I have a web-site, which uses ASP.NET and is hosted at IIS 7.5 shared hosting, so I have no direct access to IIS settings. Now I want to enable gzip compression of my pages and css/js files using IIS capabilities, but none of recipes found at the Internet worked for me. For example, when I add what is written here to my Web.config, nothing changes: no errors, no compression.

Is this possible? If not, what's the best alternative?

  • So after making those modifications in the web.config you don't see Content-Encoding: gzip in an inspector? – Răzvan Flavius Panda Aug 24 '11 at 7:06
  • Yes, this is what I meant my writing "no compression" =) – aplavin Aug 24 '11 at 7:23

Try the configuration sample at the bottom of this article:


      <urlCompression doStaticCompression="true" doDynamicCompression="false" />

In this question it says that:

"Yes you can enable compression with the web.config, as the article below shows- but it can depend on the permissions on the server allows sites."

See if this helps you:

IIS 7.5 ASP.NET-4 Gzip compression

Or this:

GZip Compression On IIS 7.5 is not working

  • It doesn't work either, so as I understand, server doesn't give me such permissions? I'm confused by the fact that it doesn't show me any errors. – aplavin Aug 24 '11 at 8:12
  • 4
    Well, i am thinking that maybe server is set not to allow gzip compression to save CPU/memory resources. You should check with your server provider if it is disabled on server and if it is anyway to enable it. – Răzvan Flavius Panda Aug 24 '11 at 8:31

I encountered the same problem, and so used .net's compression invoked using global.asax along-with renaming static css with .aspx extension and using url rewrite through Web.config Atop the .css.aspx I simply added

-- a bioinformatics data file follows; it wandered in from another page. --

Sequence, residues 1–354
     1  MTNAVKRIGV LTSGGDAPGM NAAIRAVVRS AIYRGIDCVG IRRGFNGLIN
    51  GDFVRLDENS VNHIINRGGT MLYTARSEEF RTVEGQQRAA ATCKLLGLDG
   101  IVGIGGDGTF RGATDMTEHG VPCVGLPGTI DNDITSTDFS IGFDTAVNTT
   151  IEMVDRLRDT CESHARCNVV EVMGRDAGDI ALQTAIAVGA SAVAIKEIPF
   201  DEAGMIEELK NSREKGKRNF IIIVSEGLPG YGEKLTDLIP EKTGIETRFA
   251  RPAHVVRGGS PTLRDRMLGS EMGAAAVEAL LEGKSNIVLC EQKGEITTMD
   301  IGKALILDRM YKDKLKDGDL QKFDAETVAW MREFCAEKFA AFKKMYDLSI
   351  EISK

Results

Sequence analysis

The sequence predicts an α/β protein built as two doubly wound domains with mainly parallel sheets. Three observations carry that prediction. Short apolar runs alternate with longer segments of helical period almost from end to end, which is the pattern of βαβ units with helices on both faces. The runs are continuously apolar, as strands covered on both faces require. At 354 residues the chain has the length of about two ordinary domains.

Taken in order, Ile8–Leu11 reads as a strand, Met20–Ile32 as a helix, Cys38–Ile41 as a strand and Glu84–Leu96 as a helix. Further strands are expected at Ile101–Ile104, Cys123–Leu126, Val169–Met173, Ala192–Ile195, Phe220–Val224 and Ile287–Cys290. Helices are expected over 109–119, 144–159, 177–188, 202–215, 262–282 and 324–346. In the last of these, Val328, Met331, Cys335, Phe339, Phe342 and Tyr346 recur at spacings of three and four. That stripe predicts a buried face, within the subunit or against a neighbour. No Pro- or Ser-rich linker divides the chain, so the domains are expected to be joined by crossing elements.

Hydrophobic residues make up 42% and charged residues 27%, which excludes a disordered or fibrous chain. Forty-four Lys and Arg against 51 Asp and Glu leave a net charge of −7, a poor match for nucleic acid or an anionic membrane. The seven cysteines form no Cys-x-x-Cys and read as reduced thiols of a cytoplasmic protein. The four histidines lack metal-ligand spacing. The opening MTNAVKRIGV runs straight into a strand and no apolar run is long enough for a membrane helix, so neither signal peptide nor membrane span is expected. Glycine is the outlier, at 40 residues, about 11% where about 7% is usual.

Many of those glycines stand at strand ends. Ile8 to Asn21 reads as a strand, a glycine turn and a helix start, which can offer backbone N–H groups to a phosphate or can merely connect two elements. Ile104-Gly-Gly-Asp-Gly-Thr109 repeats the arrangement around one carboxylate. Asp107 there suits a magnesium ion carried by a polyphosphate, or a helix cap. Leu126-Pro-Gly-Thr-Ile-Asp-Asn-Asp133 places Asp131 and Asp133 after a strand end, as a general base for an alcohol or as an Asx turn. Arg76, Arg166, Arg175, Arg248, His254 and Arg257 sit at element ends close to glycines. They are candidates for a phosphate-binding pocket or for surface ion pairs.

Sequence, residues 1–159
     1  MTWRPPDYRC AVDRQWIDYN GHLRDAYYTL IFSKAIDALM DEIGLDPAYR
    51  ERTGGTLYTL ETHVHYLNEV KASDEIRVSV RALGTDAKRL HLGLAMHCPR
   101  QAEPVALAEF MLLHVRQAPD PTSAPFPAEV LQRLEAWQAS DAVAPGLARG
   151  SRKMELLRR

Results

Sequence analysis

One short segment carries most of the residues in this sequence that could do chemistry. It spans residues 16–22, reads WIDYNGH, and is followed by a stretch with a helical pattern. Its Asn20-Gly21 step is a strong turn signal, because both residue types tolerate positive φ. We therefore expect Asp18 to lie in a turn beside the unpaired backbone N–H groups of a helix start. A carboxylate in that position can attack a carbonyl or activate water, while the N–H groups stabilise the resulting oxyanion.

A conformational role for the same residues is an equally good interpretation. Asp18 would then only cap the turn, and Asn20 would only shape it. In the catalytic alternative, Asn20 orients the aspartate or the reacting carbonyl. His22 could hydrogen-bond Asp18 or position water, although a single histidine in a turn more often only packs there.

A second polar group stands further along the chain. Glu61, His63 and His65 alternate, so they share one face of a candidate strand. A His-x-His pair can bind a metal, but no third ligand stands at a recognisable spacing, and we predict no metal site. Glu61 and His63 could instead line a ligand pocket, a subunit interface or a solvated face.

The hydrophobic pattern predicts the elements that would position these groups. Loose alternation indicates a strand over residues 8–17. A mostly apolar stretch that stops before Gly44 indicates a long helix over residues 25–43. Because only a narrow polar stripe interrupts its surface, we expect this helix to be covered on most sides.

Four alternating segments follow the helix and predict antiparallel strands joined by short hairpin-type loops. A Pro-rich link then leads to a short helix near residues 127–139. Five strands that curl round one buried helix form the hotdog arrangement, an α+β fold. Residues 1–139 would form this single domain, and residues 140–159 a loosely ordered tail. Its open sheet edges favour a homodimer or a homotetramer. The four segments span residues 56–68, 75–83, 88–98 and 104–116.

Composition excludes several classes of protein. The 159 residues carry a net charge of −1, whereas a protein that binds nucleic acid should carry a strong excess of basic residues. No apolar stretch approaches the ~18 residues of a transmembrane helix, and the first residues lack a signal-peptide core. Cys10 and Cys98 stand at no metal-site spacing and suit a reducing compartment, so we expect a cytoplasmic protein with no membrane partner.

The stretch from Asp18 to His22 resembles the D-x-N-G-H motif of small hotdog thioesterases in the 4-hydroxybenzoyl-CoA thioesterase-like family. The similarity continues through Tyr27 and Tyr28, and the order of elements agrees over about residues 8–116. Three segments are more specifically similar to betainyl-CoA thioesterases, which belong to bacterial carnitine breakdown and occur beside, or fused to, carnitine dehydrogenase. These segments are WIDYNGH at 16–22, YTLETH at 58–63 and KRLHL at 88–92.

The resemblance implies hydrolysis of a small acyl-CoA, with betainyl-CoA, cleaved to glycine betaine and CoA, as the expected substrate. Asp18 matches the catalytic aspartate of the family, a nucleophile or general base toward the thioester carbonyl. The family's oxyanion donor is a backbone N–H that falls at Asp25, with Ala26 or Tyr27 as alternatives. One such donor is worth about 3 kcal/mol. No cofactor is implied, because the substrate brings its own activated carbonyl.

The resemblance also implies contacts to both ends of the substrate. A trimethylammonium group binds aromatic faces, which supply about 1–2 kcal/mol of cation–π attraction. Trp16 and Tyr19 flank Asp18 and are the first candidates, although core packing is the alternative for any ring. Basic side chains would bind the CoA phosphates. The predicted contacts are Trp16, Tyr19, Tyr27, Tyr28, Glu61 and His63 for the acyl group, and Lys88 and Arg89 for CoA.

<%@ Page ContentType="text/css" %>

In rules of rewrite of system.webserver of configuration of Web.config:

<rule name="san aspx">
    <match url=".*[^/]$" />
        <conditions logicalGrouping="MatchAll">
            <add input="{REQUEST_FILENAME}" matchType="IsFile" negate="true" />
    <action type="Rewrite" url="{R:0}.aspx" />
<rule name="revert aspx">
    <match url="(.*)\.aspx$"/>
        <conditions logicalGrouping="MatchAll">
            <add input="{REQUEST_FILENAME}" matchType="IsFile" negate="true" />
    <action type="Rewrite" url="{R:1}" />

In Application_PreRequestHandlerExecute of global.asax

HttpApplication app = sender as HttpApplication;
string acceptEncoding = app.Request.Headers["Accept-Encoding"];
Stream prevUncompressedStream = app.Response.Filter;
if (acceptEncoding != null && acceptEncoding.Length > 0) {
    acceptEncoding = acceptEncoding.ToLower();
    if (acceptEncoding.Contains("gzip")){
        app.Response.Filter = new GZipStream(prevUncompressedStream, CompressionMode.Compress);
        app.Response.AppendHeader("Content-Encoding", "gzip");
Response.Cache.VaryByHeaders["Accept-Encoding"] = true;

It appears intimidating, but done with building proper understanding, it works like charm and is worth the savings on SEO related with PageSpeed as well as shared hosting. I did try with my hosting provider's support, but they just marketed more exotic hosting packages instead. For compulsorily compressed content like .svgz file, I've used separate folder and httpProtocol of system.webserver of that folder's web.config I wrote:

    <add name="Content-Encoding" value="gzip" />

I know this is super old but I found this link which actually worked for me. I have arvixe hosting and they dont allow compression either. I tried everything in web.config that didnt work but this in the global worked


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